The Inertia for Good Editor

The Inertia

Editor’s Note The feature is presented by SeaVees, a proud partner and supporter of SeaTrees by Sustainable Surf. Learn more about SeaVees here.

“Could you imagine if 90 percent of the trees on land disappeared in 10 years?”

Kevin Whilden, co-founder of Sustainable Surf and SeaTrees, lobs the rhetorical question in the air and lets it hang for a beat before stating the obvious: “People would know about it and be quite upset.”

It’s 7 a.m., and we’re standing on a cliff at White Sands Beach in San Pedro, California with a jaw-dropping vista of the Los Angeles coastline. The site is one of his team’s projects. Not a bad office. But the work is important. They’re restoring California’s kelp forests, and they’re certain it’s one of our most affective paths to reverse climate change and its accompanying impacts like the wildfires and drought gripping the state.

“This is one of best ways for California to address that problem,” says Whilden. “Kelp forests are basically like the rainforests of the sea. They’re an extraordinary forest with an amazing amount of biodiversity and productivity both in terms of things that live in the forest like fish and sea lions and whales as well as benefits to the ocean itself. It reduces ocean acidity as the kelp grows. It improves water quality, and it also sequesters vast amounts of carbon dioxide in the ocean. So kelp actually fights climate change in a powerful way.”

In ideal conditions, kelp can grow up to two feet per day.

“It can actually go from an urchin barren – meaning bare rock, no kelp, no life back to a healthy, thriving forest that’s 30- or 40-feet tall,” says Sustainable Surf and SeaTrees co-founder Michael Stewart. “It’s extraordinary. There’s no other regeneration or conservation work that we can do that’s faster than that.”

Which is critical, because California’s kelp forests, as Whilden pointed out, are being destroyed.

“Much like the marine heatwaves that have knocked out 50 percent of the Great Barrier Reef over in Australia, on the West Coast, here in California we have the same thing happening to our kelp forests,” says Michael Stewart, co-founder of Sustainable Surf and SeaTrees.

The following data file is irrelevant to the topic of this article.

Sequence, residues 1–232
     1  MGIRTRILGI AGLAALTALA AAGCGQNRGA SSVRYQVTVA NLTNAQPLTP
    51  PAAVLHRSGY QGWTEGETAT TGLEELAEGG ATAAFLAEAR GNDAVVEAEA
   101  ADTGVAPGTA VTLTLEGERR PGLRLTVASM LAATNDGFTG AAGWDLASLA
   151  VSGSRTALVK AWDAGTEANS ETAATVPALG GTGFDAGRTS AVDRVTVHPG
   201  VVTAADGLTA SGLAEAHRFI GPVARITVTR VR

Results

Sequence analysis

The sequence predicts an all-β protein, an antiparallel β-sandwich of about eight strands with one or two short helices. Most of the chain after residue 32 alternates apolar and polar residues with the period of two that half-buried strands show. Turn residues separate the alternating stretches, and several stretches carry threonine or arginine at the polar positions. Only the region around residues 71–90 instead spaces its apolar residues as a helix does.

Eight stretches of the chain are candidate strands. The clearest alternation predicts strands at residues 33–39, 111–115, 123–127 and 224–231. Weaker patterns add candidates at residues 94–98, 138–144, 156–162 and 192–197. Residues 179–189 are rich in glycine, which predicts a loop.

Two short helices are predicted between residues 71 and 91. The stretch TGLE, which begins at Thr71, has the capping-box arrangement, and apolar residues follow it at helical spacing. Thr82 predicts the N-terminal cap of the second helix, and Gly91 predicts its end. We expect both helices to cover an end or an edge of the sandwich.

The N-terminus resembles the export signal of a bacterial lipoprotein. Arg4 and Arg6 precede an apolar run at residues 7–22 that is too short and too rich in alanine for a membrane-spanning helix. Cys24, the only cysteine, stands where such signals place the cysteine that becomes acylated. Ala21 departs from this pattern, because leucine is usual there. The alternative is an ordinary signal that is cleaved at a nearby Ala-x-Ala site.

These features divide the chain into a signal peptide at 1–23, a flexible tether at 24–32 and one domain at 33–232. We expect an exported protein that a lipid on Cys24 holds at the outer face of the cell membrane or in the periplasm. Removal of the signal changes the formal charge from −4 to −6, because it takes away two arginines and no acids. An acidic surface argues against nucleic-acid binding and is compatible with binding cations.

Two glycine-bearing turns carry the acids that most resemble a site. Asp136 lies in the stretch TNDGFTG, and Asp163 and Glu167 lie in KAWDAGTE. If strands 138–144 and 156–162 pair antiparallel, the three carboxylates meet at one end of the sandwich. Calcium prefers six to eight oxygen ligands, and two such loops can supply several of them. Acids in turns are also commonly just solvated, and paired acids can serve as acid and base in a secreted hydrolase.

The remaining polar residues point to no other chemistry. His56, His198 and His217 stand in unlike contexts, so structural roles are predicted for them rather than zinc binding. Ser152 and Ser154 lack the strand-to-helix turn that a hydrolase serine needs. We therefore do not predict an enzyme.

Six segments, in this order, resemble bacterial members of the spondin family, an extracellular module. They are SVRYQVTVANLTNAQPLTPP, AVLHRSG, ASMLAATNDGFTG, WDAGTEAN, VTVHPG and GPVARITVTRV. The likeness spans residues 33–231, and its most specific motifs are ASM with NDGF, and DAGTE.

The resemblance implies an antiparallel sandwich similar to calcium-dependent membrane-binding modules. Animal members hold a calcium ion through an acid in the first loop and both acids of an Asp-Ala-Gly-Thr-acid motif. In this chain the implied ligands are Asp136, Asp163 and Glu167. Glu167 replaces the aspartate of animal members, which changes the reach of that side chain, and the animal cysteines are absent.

Whilden and Stewart’s solution to the problem is simple. If California is losing its kelp forests at a rapid rate, they’ll restore them. That’s the mission of Sustainable Surf’s SeaTrees initiative where they’ve partnered with SeaVees who has designed a line of eco-friendly shoes called the SeaChange collection that restores one square foot of California kelp forest for each pair sold.

The two activists show us how it all comes together along the Palos Verdes Peninsula, home to their SoCal-based restoration project. Whilden, standing on a cliff, points out the urchin barrens where kelp should be growing but can’t without their help. Stewart then walks us along a nearby beach to offer a firsthand look at the kelp that’s washed up. He points out markers of healthy and unhealthy kelp growth by examining a few of its bulbs.

“Not to be dramatic, but this is less of a light-bulb moment and more of a hazard warning light,” SeaVees product line manager Ashley Tammietti Aceves says. “Being based on the coast gives us a real front-row seat to the destruction that is happening to our environment both on land and at sea.”

The best part of this story?

It’s working.

“This is one of California’s success stories,” says Whilden of their efforts.

The kelp forests in the Palos Verdes restoration project are expanding, and the combined energy of SeaTrees and SeaVees is accelerating the momentum. Hopefully, they’ll be able to point to scores more kelp forests off the coast within the next five years.

If you’d like to get involved, learn more about SeaTrees here, and if you’re looking for a pair of shoes,  SeaVees SeaChange collection will make a direct impact on restoring California’s kelp forests.


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